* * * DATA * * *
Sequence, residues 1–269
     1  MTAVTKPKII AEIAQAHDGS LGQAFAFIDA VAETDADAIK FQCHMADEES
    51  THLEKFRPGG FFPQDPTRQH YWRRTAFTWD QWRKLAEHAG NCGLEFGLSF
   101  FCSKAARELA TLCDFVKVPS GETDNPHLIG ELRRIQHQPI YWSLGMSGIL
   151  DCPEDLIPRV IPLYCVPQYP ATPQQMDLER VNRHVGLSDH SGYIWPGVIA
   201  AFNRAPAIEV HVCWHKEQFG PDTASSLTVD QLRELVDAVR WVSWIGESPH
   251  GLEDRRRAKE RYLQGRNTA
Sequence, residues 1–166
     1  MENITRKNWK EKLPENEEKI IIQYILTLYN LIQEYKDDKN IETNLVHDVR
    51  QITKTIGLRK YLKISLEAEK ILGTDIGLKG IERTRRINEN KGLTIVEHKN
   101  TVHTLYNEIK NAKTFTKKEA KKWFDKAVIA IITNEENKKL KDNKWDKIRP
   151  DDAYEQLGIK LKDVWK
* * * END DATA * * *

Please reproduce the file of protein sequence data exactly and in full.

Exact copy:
Sequence, residues 1–269
     1  MTAVTKPKII AEIAQAHDGS LGQAFAFIDA VAETDADAIK FQCHMADEES
    51  THLEKFRPGG FFPQDPTRQH YWRRTAFTWD QWRKLAEHAG NCGLEFGLSF
   101  FCSKAARELA TLCDFVKVPS GETDNPHLIG ELRRIQHQPI YWSLGMSGIL
   151  DCPEDLIPRV IPLYCVPQYP ATPQQMDLER VNRHVGLSDH SGYIWPGVIA
   201  AFNRAPAIEV HVCWHKEQFG PDTASSLTVD QLRELVDAVR WVSWIGESPH
   251  GLEDRRRAKE RYLQGRNTA
Sequence, residues 1–166
     1  MENITRKNWK EKLPENEEKI IIQYILTLYN LIQEYKDDKN IETNLVHDVR
    51  QITKTIGLRK YLKISLEAEK ILGTDIGLKG IERTRRINEN KGLTIVEHKN
   101  TVHTLYNEIK NAKTFTKKEA KKWFDKAVIA IITNEENKKL KDNKWDKIRP
   151  DDAYEQLGIK LKDVWK